Introduction: In order to enhance cost-effectiveness, shorter hospital stays have been adopted following hip or knee replacement surgery. This study seeks to describe the incidence of morbidity and mortality, five days after patients were taken to surgery with an expected hospital stay of four days. Methods: Utilizing an Institutional Joint Replacement database, a descriptive study was carried out using a retrospective cohort of 1233 procedures in 1100 patients between 2012 and 2016. These were followed up for three months to evaluate morbidity and mortality in the postoperative period. Results: Complications were classified as minor or major (these were defined as any adverse event that can threaten a patient's life or had the potential to result in readmission). Of the cohort, 18 (1.5%) patient procedures presented one or more major complications. On the first postoperative day 3 major complications occurred (including one death). On the second and third day, 4 major complications were registered each day. On the fourth day after surgery, there were no major complications. On the fifth day 1 major complication was identified. After patient discharge there were 6 major complications reported. Discussion: The balance between early discharge and out-of-hospital morbidity as well as the frequency of hospital readmission must be the basis to determine whether a patient's hospital stay should be reduced. According to our results, it seems to be safe to shorten hospital stay in young and healthy patients. Furthermore, only orthopedic teams that have minimal rates of outpatient complications and adhere to high standards of care should consider reducing hospital stay.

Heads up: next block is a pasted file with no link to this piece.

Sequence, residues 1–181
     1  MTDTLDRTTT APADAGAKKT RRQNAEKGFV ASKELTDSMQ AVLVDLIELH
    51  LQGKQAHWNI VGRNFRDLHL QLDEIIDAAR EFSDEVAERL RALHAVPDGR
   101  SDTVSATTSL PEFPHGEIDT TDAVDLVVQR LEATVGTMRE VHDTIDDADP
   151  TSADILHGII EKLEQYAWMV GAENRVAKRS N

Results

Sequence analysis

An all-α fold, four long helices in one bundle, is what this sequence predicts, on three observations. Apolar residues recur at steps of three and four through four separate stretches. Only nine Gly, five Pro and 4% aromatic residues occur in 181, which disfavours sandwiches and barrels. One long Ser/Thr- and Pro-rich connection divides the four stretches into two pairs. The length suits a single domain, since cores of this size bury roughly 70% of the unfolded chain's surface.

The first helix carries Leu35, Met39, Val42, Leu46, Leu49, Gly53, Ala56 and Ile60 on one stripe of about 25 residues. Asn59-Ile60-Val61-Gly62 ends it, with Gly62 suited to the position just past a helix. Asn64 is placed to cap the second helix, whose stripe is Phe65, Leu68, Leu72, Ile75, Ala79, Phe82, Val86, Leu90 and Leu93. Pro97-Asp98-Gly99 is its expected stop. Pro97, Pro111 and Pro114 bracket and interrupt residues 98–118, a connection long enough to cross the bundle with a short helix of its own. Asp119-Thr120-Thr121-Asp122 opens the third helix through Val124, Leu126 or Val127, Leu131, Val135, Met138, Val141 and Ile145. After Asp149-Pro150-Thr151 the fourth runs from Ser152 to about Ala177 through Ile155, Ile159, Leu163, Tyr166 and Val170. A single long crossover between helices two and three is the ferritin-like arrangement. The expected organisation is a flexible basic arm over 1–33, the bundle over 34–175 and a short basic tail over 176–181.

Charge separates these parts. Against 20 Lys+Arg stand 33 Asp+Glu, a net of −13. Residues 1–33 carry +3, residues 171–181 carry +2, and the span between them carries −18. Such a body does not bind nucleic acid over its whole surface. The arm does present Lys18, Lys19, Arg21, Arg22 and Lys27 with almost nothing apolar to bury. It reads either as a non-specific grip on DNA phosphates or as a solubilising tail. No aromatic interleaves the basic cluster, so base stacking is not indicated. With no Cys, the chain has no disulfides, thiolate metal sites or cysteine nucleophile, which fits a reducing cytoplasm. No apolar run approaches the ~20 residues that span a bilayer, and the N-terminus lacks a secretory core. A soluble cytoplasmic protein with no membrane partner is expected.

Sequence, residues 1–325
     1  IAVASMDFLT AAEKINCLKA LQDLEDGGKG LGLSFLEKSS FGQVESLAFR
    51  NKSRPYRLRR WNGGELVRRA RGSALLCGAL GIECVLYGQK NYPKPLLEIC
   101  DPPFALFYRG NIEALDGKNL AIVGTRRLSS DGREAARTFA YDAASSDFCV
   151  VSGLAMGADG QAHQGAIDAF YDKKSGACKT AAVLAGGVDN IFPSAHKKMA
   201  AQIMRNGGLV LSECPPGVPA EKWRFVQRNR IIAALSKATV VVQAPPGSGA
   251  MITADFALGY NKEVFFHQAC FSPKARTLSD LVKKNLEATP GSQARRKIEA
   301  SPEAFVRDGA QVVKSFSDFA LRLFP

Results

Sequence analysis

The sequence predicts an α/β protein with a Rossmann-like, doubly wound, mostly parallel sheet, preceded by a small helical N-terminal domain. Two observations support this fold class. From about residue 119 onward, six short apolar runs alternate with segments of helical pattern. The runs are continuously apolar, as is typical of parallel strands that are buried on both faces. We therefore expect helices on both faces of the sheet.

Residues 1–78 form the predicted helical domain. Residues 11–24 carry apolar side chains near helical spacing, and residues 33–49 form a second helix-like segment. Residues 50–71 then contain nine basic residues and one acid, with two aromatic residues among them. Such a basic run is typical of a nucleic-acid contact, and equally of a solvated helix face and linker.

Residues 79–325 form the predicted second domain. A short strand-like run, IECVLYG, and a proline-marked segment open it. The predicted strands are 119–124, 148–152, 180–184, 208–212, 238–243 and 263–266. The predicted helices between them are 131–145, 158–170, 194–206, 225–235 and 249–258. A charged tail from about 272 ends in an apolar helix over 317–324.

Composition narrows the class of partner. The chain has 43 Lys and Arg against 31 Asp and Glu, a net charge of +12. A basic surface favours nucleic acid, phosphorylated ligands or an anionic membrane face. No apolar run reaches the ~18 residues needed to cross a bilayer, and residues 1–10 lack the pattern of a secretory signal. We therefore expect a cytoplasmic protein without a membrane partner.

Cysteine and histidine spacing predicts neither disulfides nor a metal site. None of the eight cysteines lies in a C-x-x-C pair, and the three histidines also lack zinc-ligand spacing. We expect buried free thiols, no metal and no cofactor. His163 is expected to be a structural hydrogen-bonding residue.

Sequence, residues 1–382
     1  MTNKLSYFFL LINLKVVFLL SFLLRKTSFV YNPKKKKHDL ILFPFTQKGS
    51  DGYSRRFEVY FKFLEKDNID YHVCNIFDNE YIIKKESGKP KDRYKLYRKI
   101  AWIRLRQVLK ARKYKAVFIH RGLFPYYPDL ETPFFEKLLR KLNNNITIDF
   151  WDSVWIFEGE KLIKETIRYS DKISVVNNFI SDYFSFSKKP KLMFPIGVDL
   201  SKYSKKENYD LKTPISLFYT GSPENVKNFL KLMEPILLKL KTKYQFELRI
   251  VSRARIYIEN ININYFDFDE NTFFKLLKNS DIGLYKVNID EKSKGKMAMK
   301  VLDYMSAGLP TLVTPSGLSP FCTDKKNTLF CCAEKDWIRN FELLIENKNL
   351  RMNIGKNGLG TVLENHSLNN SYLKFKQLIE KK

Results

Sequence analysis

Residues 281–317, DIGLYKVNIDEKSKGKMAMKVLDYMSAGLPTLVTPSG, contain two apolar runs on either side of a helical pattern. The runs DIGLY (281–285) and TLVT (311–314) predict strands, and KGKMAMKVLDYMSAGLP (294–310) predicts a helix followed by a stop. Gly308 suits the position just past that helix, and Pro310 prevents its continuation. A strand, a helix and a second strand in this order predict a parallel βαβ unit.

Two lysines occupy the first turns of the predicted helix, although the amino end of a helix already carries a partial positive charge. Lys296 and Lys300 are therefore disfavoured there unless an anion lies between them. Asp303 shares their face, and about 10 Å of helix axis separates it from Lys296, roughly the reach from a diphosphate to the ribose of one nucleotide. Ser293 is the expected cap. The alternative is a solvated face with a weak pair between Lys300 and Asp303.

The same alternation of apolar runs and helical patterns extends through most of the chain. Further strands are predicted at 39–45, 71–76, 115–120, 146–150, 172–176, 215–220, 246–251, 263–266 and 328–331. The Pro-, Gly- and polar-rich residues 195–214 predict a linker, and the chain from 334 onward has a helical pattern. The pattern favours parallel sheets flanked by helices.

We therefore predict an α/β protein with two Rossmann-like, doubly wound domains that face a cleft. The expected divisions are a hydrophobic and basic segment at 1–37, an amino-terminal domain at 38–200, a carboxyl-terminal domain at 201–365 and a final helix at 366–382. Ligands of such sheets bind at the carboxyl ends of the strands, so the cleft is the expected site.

All Science Journal Classification (ASJC) codes
- Orthopedics and Sports Medicine